Sderot: The World Turns its Back

It doesn't seem that there will be any quiet.

Jacob Shrybman

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Arutz 7

Yesterday alone, over 89 trucks of international aid and gasoline were poured into the Gaza Strip. Since September 1, 2009, over 700 truckloads of international aid, including over 1,760,000 liters of gasoline have been given to the Gaza Strip. Since the end of Operation Cast Lead on January 18 of this year, over 2,000 truckloads of far more than 37,000 tons of humanitarian aid has been delivered to the Gaza Strip.

Staging ground for international aid trucks in front of the Gaza Strip
Jacob Shrybman

As the international community continues its uproar over the humanitarian situation in the Gaza Strip, a spokesman for the Israeli Civil Administration, which manages the Palestinian Authority requests for aid, goods and gasoline, says that these are in fact decreased amounts.

"Over the past two to three months we have seen a definitive decrease in the requests from the Palestinian Authority, because they have goods, foods and medicines that still have not been used," Guy Inbar says. He continues by explaining the situation inside the Gaza Strip: "As we have said before, there is no humanitarian crisis in Gaza."

While sitting for hours watching truck after truck drive in and out of the Gaza Strip, I spoke over the phone with Dr. Adriana Katz, director of three of the five mental health and trauma centers in Sderot. She told me that there has been no change in the lack of budgets for the centers. The area's trauma centers, which are constantly treating the victims of largely psychological terrorism, are being forced to close their doors. The Emergency Center in Sderot, which is the first aid clinic that treats victims immediately after an attack, was shut down this past July; the director of the Sderot Trauma Center, Dalia Yosef, has been let go; and the area's four remaining centers are all set to be closed by December 1.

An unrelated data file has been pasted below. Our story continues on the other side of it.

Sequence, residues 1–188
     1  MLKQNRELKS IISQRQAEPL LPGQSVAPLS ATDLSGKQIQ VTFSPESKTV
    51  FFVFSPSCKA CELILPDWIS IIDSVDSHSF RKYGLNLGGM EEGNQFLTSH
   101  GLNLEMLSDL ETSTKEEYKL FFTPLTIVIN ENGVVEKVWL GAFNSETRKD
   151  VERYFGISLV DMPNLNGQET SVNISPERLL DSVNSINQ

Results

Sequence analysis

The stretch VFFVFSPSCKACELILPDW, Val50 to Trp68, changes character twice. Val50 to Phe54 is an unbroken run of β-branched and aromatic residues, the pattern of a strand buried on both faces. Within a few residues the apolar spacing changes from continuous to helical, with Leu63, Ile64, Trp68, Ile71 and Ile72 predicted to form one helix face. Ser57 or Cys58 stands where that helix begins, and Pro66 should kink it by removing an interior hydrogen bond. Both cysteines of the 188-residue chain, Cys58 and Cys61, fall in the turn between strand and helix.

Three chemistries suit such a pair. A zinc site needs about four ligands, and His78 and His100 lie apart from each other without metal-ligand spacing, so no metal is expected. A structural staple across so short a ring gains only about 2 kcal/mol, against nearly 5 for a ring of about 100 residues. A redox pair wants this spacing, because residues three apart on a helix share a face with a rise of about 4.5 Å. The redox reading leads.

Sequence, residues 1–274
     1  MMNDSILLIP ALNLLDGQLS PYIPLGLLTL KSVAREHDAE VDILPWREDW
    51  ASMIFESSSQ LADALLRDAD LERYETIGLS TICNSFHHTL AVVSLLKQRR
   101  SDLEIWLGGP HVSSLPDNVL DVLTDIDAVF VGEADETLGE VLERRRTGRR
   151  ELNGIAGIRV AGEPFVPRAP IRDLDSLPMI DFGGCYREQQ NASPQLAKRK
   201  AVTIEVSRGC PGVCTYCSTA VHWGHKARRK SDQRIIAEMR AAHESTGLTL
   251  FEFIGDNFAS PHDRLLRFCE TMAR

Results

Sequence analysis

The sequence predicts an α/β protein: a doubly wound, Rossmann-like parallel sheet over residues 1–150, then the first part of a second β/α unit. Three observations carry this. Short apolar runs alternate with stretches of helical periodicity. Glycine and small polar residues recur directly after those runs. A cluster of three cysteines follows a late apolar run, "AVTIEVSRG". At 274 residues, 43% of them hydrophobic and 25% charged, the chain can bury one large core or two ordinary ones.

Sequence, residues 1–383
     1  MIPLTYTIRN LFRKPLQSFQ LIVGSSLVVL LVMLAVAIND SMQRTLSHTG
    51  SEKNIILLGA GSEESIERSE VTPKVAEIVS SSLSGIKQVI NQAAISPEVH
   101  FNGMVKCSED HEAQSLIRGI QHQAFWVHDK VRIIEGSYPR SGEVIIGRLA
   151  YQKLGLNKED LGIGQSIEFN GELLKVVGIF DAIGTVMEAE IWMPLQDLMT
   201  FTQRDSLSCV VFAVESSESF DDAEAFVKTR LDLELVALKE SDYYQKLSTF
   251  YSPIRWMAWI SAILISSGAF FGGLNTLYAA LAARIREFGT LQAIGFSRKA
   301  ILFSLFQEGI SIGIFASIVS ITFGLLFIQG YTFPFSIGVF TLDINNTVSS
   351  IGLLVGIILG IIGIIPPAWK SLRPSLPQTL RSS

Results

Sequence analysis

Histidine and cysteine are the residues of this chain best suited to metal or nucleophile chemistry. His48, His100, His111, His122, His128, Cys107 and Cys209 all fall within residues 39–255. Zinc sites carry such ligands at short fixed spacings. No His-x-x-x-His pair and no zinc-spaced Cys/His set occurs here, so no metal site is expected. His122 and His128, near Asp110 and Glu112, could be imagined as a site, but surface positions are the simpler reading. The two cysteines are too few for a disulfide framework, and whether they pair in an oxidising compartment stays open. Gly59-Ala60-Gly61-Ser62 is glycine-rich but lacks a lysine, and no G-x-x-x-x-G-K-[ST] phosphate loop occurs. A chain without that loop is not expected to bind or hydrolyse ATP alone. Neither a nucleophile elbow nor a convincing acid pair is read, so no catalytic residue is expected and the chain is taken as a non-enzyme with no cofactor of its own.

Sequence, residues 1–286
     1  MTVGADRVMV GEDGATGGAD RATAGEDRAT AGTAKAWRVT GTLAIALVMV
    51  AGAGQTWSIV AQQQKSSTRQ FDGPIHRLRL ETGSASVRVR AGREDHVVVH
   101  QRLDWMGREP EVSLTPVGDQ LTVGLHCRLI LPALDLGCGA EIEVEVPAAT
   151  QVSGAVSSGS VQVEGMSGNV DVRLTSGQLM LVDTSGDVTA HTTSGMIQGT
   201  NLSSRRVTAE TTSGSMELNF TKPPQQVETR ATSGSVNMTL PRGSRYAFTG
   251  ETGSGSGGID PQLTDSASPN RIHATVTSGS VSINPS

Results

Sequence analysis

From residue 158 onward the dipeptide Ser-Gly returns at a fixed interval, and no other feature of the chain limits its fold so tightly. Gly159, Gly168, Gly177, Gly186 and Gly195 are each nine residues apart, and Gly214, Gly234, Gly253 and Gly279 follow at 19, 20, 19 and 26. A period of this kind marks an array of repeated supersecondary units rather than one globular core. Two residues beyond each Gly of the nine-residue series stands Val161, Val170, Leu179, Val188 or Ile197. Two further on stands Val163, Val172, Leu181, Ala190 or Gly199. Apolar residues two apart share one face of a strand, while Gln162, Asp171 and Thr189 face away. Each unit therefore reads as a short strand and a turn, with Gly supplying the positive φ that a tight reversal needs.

How can a world that prides itself on slogans and political jargon regarding "both sides of the conflict" and "two states for two peoples" completely turn its back on Sderot?

After a letter from the Sderot Media Center to the European Union, calling for international aid for the victims of rocket fire in southern Israel, British Ambassador Tom Phillips visited the trauma centers in Sderot with the Center on June 4. Ambassador Phillips met with both Dr. Adriana Katz and Dalia Yosef regarding the situation of the trauma centers; yet, the centers still have not seen any allocation of aid.

On August 5, five top Australian parliamentarians visited the closed Emergency Center in Sderot, but the centers still have not seen any allocation of aid.

On August 11, Texas Governor Rick Perry and ranking Republican member of the US House Foreign Affairs Committee Ileana Ros-Lehtinen visited the closed Emergency Center in Sderot, but the centers still have not seen any allocation of aid.

With now more than 240 aerial attacks from the Gaza Strip since the end of Operation Cast Lead, and eight in the past week, Dr. Adriana Katz commented "It doesn't seem that there will be any quiet, even though I am only slated to work until December 1."

International aid trucks entering the Gaza Strip
Jacob Shrybman

An average of 80 truckloads a day of international aid and gasoline, all materials frequently used to produce the fuel for the Kassam rockets, will continue to pour into the Gaza Strip with no end date in sight. And the world turns its back on the thousands and thousands of Israeli victims of the past decade of rocket attacks.




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